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Buses Go Electric


Thomas Built Buses is a company in High Point, North Carolina. Workers at its school-bus factory are thrilled about a new government law. It’s the infrastructure infrastructure RICHARD BAILEY—GETTY IMAGES relating to the basic structures, like roads and electrical systems, needed for a society (adjective) The mayor spoke about the city's infrastructure problems. bill. President Joe Biden signed it into law on November 15. Among other things, it sets aside money to help communities buy battery-powered school buses.

That’s good news for Thomas Built. And it’s good news for Chris Pratt. He’s president of a local union. He has also worked as a welder at the Thomas Built plant for 22 years. To him, the new law means one thing: more jobs. “This is something huge for us,” Pratt says.

PLUG IT IN About 95% of school buses run on diesel fuel. This one runs on electricity. It's made by Thomas Built Buses.


The infrastructure law sets aside $2½ billion for electric school buses. That’s a tiny chunk of the more than $1 trillion it will invest to build or improve things like roads and bridges. But for workers like those in High Point, this money is a very big deal. It’s also important for people trying to get rid of diesel diesel GREMLIN—GETTY IMAGES relating to a type of fuel used to power certain engines (adjective) Eric's looking for a car that doesn't run on diesel fuel. fumes on children’s bus rides.

Charging Ahead

There are about 500,000 school buses in the United States. They move 26 million kids every day. About 95% of those buses run on diesel fuel. This adds up to more than 5 million tons of pollution from greenhouse gases a year.

ON THE MOVE There are about half a million school buses in the Unites States. Each day, they move 26 million kids.


Inhaling fumes from diesel-powered buses is bad for kids. It has been linked to lower test scores. It can also cause breathing problems. When sitting inside those buses, kids often breathe the most polluted air they’re exposed to all day.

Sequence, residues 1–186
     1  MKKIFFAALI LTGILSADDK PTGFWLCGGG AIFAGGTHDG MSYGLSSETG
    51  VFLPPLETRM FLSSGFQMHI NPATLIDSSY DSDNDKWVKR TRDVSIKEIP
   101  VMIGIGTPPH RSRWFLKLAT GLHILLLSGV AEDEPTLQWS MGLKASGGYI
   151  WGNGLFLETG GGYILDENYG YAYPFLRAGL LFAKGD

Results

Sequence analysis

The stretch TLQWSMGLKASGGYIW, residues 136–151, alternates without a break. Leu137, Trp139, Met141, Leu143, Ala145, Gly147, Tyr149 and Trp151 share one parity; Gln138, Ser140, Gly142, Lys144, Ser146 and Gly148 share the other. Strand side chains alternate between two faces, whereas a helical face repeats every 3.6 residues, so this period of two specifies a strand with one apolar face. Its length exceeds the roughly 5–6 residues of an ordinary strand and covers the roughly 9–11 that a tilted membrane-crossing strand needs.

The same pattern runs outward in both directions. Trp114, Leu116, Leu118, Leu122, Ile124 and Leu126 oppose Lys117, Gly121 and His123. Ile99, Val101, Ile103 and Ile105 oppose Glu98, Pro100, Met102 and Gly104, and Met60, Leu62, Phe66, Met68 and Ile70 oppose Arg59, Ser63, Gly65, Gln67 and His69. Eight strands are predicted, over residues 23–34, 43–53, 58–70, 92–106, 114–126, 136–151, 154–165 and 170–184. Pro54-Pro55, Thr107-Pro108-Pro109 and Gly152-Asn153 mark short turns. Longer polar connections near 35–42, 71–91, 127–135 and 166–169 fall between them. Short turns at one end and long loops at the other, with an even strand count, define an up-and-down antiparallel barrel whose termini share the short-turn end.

It’s hard to produce electric versions of some vehicles. Big trucks are an example. They need huge batteries. And these batteries require long charging times. Making electric school buses would be easier. They don’t usually travel long distances. And there’s plenty of time to charge them during the school day or at night. Making school buses electric would help the environment. It would be better for kids’ health, too.

POWERING UP An electric school bus, built by Blue Bird, pulls into a charging station in El Monte, California, in Augus 2021.


There are only about 1,200 electric school buses in the U.S. The new government money could bump that number to about 10,000. This could happen within five years.

Jobs on the Way

Kevin Bangston is CEO of Thomas Built. He says the company will soon be hiring a “pretty significant” number of workers. Pratt says the new positions can’t come soon enough. “People come from hours away for these jobs,” he says.

More jobs could be coming at other factories, too. Sanford Bishop is a congressman in Georgia. He represents a district that’s home to a Blue Bird bus factory. Bishop expects there to be more bus-building jobs soon. That would help his community financially. “It makes good environmental sense” too, Bishop says.

A Clean and Green Future

There’s a bill called the Clean Commute commute RICHARD NEWSTEAD—GETTY IMAGES a trip you make regularly, such as between home and school or work (noun) My daily commute to work involves a bus and a train. for Kids Act of 2021. It’s making its way through Congress. It will make a big impact if it becomes law. The bill was introduced by Alex Padilla. He’s a senator from California. The bill would set aside $25 billion. That would pay for pollution-free school buses. It’s enough to replace nearly half of the diesel-burning school buses (pictured below) on U.S. roads. Padilla called the bill “a wise investment in our children, our environment, and our future.”